HXS
x
x

BMO US Equity *
ZUE

x

iShares US Fundamental Index *
CLU
x

x

iShares US Fundamental Index
CLU.C
x

x

iShares S&P US Dividend Growers *
CUD
x

International and global equity

iShares International Fundamental
CIE
x
x
x

BMO International Equity *
ZDM

x

Vanguard MSCI EAFE *
VEF
x

iShares Global Monthly Adv Dividend
CYH
x

x

iShares Global Real Estate
CGR
x
x
x

Emerging markets equity

iShares MSCI Emerging Markets
XEM

x

iShares Broad Emerging Markets
CWO
x

x

BMO Emerging Markets Equity
ZEM

x

A breakdown of each asset class

Fixed income.

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Vanguard Canada Gets a Six-Month Checkup

It’s now been a year since Vanguard set up shop in Canada, and just over six months since their ETFs began trading on the Toronto Stock Exchange. This week I had an opportunity to chat with Atul Tiwari, the affable managing director of Vanguard Investments Canada, about the company’s experience so far, and what we can expect in the future.

During their first six months, the Vanguard ETFs have gathered $230 million in assets under management. “I think we’re on track,” Tiwari said when I asked whether he’d expected that number to be higher. “We recognize there is a lot of competition in the market. Certainly mutual funds—although they are not growing to the same extent as ETFs—are still a formidable competitor that we’re up against.”

Vanguard is certainly competing in a difficult space. While it’s true that ETFs are attracting more and more dollars, much of that growth is driven by narrowly focused products. (The BMO Covered Call Canadian Banks ETF has attracted an astounding $758 million in its first 18 months.) But Vanguard has always stuck to broad-based, plain vanilla funds designed for long-term investors,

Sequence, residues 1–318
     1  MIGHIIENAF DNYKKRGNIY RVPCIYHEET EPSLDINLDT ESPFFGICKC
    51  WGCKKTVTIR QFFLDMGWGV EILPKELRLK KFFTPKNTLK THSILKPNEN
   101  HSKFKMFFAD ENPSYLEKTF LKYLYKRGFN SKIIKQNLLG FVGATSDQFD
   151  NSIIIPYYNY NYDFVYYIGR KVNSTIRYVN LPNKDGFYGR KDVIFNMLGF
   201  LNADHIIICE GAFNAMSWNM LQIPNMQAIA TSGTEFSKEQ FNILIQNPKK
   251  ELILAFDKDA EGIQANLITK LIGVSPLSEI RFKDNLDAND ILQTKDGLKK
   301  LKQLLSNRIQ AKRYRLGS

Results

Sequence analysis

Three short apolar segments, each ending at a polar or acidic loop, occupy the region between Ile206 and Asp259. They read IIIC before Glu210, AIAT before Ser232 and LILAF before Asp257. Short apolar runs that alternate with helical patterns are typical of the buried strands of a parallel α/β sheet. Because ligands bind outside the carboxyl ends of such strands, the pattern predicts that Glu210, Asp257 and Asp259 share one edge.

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A Perfect Plan for the Holidays

In the spirit of holiday giving, Justin Bender, portfolio manager with PWL Capital in Toronto, has approached me with an offer for Canadian Couch Potato readers. As part of his firm’s charitable giving program, Justin is offering to help up to four DIY investors design and set up a passive ETF portfolio in exchange for a donation to the Centre for Addiction and Mental Health (CAMH).

One of the reasons I wrote The MoneySense Guide to the Perfect Portfolio was to help the many would-be Couch Potatoes who are not sure how to get started with DIY index investing. Now here’s an opportunity to have a professional walk you through the process, and to support an organization that does incredibly important work.

Before you dismiss this as a thinly veiled attempt to snag new clients, let’s be clear that Justin is looking to work only with do-it-yourself investors on a one-time basis. His goal is to help you design a plan that you will execute on your own, not to manage your assets on an ongoing basis. There’s no ulterior motive here. PWL’s Toronto office has made a commitment to support CAMH because one of the firm’s staff members lost a close family member who struggled with addiction and mental illness.

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Qtrade Now Offering Commission-Free ETFs

The discount brokerage price war is officially on. After Scotia iTrade became the first online brokerage to offer commission-free ETF trades last month, Qtrade Investor has followed suit. The Vancouver-based independent has just launched its own zero-commission ETF program, with an even bigger list of choices.

Qtrade’s menu includes 40 Canadian ETFs from Claymore, iShares and Horizons, and even a couple from the new PowerShares lineup. More interestingly, the choices also include 20 US-listed ETFs from Vanguard, iShares and State Street.

Before long-term Couch Potato investors get too excited, however, the list of eligible ETFs does have several gaps. There are few broad-market funds: most have narrow mandates. The most popular broad-market Canadian and US equity ETFs are not there—not even Claymore’s CRQ or CLU, which are included in the Scotia iTrade program—and all of the US-listed ETFs are sector-specific funds. Sorry, no core Vanguard ETFs.